American Society for the Alexander Technique
Rosemary Roberts/Earle (nee Bell)
28th October, 1929 - 22nd of October, 2021
Daughter of Dorothea Pyman Bell and Kenneth Bell.
Survived by husband Arthur Earle; Children Mark Alexander Roberts, Jennifer Eckersley, Melanie Dawson, Sean Roberts, 14 grandchildren and 9 great grandchildren.
Rome completed 2/3 of her training with F.M. Alexander. She is the last of those first-generation teachers - as far as we know.
Rome - she was always known as Rome though her name was Rosemary - was born near Hull in Yorkshire where her father had a shipping business. Her family lived in Yorkshire and then moved to London when he retired. During the war Rome was sent to Boarding School to be away from the bombing in London. She loved the school as it was in nature. Nature was very important to Rome all her life.
When she was 15 she followed her mother into the Alexander training course. She loved to dance but her back bothered her. Her mother suggested she should join the training so she did at Ashley Place with F.M. She loved the work but thought the others, who were older, were boring talking of horses and such.
She decided to leave the course and take up the opportunity she had been offered to go to Manchester where she studied, as well as touring Europe and Scandinavia, with the Laban School of Modern Dance. It was a two-year course run by Laban himself with Lisa Ullman. After finishing there she returned to her parents’ home near London and continued the Alexander Training at Ashley Place.
On 20th January, 1952 her first son Mark Alexander Roberts was born.
She continued working with Marjorie Barlow until she was called to go to America to help her older sister Heather who was pregnant and needed assistance in Ojai, California. There she remained, giving birth to her second child, Jennifer Eckersley on 2nd December 1954. There followed two more children, Melanie Dawson on 12th June 1961, and Sean Roberts on 2nd November 1963. She spent time raising her family, working in a preschool and doing some Alexander Teaching.
She traveled to LA to have lessons with Judith Stransky. Judith brought Patrick McDonald over and set him up with lessons for which Rome came from Ojai. After he went back to London he wrote to Rome and said it had been so nice to see her and that she should not call what she was doing the Alexander Technique. He offered to train her for a year in his course. In 1972 she accepted his offer and returned to London to complete the training in 1973. After completing her training, she returned to Ojai and taught for several years in California.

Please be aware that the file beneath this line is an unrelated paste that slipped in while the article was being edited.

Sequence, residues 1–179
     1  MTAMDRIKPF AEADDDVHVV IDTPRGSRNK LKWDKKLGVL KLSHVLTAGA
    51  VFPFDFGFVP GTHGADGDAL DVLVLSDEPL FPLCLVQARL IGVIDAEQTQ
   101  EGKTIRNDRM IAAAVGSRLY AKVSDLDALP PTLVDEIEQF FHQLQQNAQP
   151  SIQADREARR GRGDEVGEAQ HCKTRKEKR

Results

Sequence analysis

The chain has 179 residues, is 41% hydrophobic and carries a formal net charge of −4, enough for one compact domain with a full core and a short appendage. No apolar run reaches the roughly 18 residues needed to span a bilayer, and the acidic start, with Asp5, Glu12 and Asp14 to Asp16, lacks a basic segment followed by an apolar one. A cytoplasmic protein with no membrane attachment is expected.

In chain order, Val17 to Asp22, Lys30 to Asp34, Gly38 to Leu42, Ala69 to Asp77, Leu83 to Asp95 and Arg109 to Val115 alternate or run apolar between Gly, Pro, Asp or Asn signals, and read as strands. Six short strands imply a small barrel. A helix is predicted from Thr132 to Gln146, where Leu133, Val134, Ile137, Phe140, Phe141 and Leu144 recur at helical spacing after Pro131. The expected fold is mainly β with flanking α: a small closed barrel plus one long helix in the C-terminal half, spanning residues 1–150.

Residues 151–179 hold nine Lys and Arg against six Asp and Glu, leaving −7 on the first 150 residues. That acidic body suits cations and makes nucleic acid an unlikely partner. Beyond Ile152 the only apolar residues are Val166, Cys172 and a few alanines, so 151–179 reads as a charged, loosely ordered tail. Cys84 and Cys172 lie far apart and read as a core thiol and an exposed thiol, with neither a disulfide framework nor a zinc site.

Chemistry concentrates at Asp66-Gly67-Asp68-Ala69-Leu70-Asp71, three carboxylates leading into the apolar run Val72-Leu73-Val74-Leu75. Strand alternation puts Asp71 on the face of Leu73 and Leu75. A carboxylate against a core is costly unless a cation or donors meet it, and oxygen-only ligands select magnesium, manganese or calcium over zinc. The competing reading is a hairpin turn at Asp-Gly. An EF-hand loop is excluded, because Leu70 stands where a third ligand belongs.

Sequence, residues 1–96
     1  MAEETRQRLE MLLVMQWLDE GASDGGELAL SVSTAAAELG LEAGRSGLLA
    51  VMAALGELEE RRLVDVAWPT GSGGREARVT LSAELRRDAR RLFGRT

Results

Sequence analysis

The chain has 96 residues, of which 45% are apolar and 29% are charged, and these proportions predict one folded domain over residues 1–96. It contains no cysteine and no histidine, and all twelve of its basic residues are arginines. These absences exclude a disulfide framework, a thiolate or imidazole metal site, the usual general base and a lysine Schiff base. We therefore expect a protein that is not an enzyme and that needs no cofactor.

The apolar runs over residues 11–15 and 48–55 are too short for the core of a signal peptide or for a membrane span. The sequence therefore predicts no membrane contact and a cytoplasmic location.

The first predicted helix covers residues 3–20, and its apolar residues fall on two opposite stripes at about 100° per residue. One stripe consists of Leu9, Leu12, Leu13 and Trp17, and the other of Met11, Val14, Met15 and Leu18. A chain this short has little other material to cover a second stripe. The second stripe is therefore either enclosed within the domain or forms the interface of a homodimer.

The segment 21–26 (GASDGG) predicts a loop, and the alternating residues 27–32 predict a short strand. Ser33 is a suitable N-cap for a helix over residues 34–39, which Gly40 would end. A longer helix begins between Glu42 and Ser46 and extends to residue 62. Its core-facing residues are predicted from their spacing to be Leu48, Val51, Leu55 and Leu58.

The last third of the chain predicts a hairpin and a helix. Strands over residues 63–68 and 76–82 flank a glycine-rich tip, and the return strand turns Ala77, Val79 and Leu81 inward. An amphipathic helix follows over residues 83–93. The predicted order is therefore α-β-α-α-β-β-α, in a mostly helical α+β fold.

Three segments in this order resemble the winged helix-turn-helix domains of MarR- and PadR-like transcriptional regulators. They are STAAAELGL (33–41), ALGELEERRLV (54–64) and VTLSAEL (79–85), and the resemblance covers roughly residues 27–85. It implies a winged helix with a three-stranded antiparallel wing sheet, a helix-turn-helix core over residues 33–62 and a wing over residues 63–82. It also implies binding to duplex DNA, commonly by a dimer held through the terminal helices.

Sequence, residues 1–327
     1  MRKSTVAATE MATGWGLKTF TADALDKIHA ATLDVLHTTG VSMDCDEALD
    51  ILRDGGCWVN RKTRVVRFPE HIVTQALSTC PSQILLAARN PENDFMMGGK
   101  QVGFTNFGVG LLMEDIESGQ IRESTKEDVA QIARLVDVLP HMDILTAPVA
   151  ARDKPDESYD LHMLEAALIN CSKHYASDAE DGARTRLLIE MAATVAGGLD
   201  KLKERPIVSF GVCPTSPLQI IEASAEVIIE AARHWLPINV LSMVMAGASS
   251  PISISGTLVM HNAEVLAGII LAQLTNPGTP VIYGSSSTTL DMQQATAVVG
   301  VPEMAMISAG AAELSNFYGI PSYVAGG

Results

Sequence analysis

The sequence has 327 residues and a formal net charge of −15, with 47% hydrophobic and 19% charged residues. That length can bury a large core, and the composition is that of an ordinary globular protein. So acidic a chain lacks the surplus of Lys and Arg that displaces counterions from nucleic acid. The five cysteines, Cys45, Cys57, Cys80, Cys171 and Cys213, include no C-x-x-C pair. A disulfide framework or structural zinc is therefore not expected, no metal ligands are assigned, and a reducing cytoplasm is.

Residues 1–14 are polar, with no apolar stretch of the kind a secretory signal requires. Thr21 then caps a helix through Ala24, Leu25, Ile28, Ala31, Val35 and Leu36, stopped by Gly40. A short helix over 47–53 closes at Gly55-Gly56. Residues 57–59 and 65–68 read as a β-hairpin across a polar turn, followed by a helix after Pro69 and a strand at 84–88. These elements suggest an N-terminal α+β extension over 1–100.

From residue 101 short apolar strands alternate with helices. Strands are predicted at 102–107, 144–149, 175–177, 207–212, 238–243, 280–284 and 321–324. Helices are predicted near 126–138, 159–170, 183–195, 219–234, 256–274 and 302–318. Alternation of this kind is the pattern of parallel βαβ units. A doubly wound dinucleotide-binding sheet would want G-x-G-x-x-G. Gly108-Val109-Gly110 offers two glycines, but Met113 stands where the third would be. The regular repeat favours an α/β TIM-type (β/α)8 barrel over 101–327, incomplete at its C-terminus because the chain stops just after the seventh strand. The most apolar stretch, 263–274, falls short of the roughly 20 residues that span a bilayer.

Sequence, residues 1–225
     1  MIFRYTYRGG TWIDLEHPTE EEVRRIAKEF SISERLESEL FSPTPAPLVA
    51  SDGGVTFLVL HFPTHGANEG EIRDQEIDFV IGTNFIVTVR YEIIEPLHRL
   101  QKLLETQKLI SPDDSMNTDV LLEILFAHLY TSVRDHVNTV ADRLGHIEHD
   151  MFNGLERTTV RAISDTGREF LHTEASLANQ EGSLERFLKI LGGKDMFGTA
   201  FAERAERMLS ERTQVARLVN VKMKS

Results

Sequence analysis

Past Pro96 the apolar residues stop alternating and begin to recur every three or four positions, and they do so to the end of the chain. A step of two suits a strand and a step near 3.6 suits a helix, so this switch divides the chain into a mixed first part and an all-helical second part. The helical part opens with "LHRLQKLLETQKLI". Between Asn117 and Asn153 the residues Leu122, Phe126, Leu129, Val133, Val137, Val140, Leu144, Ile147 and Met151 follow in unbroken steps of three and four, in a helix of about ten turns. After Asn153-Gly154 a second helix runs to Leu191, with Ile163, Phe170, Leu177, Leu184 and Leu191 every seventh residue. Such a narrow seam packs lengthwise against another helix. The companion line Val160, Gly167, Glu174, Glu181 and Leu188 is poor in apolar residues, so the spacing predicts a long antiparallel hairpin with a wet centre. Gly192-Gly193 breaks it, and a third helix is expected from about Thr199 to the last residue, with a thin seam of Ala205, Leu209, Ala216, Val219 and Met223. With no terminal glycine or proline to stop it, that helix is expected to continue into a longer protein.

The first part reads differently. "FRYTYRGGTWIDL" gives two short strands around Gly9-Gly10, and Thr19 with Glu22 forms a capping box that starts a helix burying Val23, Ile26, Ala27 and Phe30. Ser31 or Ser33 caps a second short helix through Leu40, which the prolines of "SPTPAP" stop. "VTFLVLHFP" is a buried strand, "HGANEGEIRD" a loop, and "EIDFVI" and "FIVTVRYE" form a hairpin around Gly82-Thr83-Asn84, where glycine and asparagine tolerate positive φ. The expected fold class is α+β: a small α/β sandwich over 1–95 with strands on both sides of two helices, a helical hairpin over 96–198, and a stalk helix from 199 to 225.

In 1979 Frank Ottiwell invited her to be a senior teacher on his training course at ACT in San Francisco along with Bob Britton, and Simone Biase. There she taught for 20 years in addition to her private practice.
While teaching in San Francisco she attended a Tai Chi workshop where she met Arthur Earle. They were married July 21st 1985 and remained devoted to each other the rest of her life.
For many years she returned to London regularly when she could, to take lessons from many first-generation teachers including Peggy Williams, Dilys and Walter Carrington, Patrick McDonald, Elisabeth Walker and others. Marjorie Barlow was her first teacher. She and Elisabeth Walker visited Frank’s course in San Francisco. Elisabeth and her daughter Lucia stayed with Rome and Art in Alameda during that time.
After teaching for 20 years for Frank in San Francisco, Rome taught with Giora Pinkas on his training course until she and Art moved to Southern California to be with her daughter Melanie and their growing family.
In 2006 she gave the FM Memorial Address at the AmSAT ACGM in Los Angeles.
Soon after that Rome and Art moved to San Diego. During her time with family in San Diego she taught private lessons to pupils and teachers and she taught with Alice Olsher on her training course.
Rome’s family was very important to her; she loved her children and grandchildren and great grandchildren. She was always talking about them and made a lot of time to be with them.
She loved her Alexander world too. She worked to straddle both worlds. She was a valued teacher, trainer and colleague to all of us.
She will be greatly missed and fondly remembered.
Details of services will follow and will be posted on the website